What an epic nightmare that whole ordeal was, but for the rest of however long my life may be I will always be extra grateful for my genitals. I was fond of them before, but that incident took it to a whole new level. I was dangerously close to losing my Brussels sprouts – and that’s no joke.

   That was a life changer to say the least, and I’ve changed everything around since that incident. I haven’t had a Pepsi, Coke, Dr. Pepper or Mountain Dew in two years now, and I don’t miss any of them. I have gotten off all insulin, and haven’t gone back. It was a wakeup call, and I heard it.

   Tonight was the end of a five year run hosting “The Mothership Connection” paranormal radio show on AM 1050 WLIP in Kenosha, WI. It was a lot of fun and I really learned a lot during the run. I don’t regret having done it, but I’ve taken it about as far as I can and it’s time to move on.

   It took a while to get going, but when it did we really got on a roll. People came and went like a band, but I think I got the most out of what and who I had to work with. There was absolutely ZERO budget, and there’s only so far that can go. It was a labor of love, but it has run its course.

   I met some extremely interesting people who I now consider friends, and also lost a few along the way. Unfortunately, most of the people I had the most trouble with were the women. I didn’t want the show to be a total sausage festival, so I included a woman in the mix to give it a flavor.

   It would be the equivalent of a band having a horn section. It’s not required, but the bands that use them have a distinct sound. I felt the same with this mix. What we were basically doing was a hybrid cross between “Coast To Coast AM” and a wacky morning show, and it worked well.

   What didn’t work so well was that most of the women associated with the show eventually got it into their heads they were the star, and acted more than a bit like divas – which flies with me as well as hand grenades fly on commercial airlines. I had to amputate a few tumors, and I hated it.

   Having to fire someone is hard enough, but having to do it from a show where nobody got paid was especially frustrating. There’s a chemistry factor involved in any ensemble endeavor, and no one person is ever bigger than the team – and it includes me too. I just happened to be in charge.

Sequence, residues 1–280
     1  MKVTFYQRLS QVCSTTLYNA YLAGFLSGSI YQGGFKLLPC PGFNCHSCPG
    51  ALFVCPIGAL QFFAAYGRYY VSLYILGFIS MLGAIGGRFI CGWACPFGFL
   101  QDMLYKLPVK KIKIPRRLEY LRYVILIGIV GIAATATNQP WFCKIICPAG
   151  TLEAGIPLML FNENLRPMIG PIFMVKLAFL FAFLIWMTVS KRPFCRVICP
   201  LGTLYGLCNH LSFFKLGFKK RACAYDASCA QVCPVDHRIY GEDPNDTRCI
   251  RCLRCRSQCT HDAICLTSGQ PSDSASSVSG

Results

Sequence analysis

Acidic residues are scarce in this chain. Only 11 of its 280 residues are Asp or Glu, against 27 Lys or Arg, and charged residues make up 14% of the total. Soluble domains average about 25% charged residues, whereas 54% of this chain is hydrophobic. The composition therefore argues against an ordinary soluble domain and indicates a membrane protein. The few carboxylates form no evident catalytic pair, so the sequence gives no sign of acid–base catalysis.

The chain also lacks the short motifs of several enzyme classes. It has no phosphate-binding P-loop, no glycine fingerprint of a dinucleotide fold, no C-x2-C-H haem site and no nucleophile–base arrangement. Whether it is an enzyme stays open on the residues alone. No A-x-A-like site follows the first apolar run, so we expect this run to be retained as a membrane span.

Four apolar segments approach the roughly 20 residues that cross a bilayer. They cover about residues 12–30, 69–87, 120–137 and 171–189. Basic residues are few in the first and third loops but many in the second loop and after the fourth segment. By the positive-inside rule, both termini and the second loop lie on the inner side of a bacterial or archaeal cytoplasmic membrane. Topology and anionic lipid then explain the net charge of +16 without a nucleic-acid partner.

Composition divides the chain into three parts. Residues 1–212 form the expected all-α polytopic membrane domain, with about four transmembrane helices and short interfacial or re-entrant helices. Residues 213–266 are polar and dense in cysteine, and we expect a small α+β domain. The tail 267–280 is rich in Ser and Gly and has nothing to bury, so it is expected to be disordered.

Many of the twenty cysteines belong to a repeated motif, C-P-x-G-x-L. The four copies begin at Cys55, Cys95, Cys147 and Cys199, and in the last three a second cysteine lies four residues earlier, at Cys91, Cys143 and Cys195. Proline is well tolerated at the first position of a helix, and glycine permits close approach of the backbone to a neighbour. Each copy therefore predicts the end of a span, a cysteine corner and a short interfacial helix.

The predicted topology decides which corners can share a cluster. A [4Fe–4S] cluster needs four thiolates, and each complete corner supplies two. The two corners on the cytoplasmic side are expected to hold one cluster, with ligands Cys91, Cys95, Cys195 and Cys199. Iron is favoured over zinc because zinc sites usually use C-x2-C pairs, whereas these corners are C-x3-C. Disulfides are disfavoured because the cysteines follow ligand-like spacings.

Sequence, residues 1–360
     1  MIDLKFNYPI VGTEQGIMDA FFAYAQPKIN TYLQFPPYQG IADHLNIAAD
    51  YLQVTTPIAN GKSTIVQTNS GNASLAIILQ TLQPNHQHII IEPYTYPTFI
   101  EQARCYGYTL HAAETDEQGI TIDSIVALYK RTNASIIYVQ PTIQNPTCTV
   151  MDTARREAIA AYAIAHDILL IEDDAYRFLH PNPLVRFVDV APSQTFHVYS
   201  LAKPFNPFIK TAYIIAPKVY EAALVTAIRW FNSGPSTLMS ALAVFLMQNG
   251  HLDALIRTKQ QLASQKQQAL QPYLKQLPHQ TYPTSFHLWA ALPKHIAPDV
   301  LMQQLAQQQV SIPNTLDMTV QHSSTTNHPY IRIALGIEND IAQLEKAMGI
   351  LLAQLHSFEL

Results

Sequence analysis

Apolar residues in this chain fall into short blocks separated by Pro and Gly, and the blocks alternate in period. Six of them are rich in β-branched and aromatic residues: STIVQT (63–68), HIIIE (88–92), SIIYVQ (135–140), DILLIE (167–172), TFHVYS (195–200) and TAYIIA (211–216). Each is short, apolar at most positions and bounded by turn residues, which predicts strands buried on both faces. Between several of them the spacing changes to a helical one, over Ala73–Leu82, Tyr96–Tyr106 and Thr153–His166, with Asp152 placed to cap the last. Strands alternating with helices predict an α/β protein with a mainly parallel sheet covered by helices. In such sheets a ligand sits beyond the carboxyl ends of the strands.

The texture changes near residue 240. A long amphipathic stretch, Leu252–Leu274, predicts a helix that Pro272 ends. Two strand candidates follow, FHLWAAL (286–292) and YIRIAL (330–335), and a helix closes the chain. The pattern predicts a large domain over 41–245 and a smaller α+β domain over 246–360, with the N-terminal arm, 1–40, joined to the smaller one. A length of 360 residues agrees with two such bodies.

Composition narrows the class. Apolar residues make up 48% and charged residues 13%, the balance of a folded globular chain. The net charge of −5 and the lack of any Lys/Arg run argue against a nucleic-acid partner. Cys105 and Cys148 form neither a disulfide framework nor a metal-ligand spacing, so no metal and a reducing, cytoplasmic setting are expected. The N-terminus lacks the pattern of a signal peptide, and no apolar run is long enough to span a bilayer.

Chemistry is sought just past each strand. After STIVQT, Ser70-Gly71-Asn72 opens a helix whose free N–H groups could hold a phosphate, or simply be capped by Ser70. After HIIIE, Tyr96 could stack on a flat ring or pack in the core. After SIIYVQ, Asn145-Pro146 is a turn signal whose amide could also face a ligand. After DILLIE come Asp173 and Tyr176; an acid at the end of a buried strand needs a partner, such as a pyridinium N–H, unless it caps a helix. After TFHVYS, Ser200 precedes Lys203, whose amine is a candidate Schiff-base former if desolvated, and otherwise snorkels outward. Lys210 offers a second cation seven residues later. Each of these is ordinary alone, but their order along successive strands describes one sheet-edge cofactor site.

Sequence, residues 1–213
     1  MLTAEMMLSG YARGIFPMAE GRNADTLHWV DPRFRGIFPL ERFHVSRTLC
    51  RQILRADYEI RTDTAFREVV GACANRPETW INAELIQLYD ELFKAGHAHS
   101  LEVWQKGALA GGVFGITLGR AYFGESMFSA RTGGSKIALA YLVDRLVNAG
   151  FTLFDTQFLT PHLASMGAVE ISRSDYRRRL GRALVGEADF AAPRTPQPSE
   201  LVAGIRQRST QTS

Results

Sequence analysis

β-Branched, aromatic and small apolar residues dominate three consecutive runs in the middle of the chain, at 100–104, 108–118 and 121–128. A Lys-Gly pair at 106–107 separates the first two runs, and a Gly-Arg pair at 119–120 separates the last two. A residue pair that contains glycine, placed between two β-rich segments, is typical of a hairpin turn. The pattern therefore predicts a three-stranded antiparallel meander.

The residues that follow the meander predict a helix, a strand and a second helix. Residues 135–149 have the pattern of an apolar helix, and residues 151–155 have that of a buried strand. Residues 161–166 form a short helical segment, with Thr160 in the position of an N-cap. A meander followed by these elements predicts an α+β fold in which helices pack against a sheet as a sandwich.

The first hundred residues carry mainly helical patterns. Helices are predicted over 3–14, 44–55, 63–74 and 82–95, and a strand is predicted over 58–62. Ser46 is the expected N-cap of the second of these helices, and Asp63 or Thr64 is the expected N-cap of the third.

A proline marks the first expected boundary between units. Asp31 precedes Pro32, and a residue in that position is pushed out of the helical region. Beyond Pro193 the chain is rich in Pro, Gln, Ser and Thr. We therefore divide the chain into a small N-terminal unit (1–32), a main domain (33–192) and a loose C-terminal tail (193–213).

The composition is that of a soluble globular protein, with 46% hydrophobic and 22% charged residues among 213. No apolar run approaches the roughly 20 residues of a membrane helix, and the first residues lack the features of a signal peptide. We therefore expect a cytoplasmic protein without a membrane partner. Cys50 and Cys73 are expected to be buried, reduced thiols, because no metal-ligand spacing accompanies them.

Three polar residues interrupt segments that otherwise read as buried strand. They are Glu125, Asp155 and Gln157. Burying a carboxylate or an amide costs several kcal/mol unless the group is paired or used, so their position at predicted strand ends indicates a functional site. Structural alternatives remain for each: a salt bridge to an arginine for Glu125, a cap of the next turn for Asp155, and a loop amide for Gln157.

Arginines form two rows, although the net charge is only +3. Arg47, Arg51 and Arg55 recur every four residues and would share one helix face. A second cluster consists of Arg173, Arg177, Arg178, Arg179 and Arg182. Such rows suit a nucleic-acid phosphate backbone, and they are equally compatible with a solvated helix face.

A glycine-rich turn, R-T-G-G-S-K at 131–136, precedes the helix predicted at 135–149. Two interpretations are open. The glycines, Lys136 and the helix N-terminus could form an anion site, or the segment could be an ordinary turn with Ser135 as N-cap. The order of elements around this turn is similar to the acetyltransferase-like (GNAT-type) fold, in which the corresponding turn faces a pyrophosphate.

Sometimes tough decisions have to be made, but they’re the best for the collective even if there are feelings hurt. I had to let the last two women go because they weren’t willing to follow along, and after a while it just got old. It finally came down to just one co-host, the great Greg DeGuire.

   Greg was and is a walking encyclopedia of paranormal knowledge, and he really added to what the show was all about. I think I grew into a competent talk show host, but he knew the topics we talked about like the back of his hand. It was a great mix, and we never ever had one cross word.

   We never ever made one red cent either, and there’s just so long that can go on. I’m not sure if there’s money there, but I can’t do it if there isn’t. I told the station I wanted some time off, but if I can’t squeeze some cash out of somewhere then this was the last ride. I thank all our listeners of five years, but there weren’t enough of them for us to continue. Still, it was a great experience.

Thanks to WLIP for letting the Mothership fly every Sunday night for five years.

Thanks to WLIP for letting the Mothership fly every Sunday night for five years.

Where the name of the show came from - the Parliament album from 1975. Make my funk the PFunk!

Where the name of the show came from – the Parliament album from 1975. Make my funk the PFunk!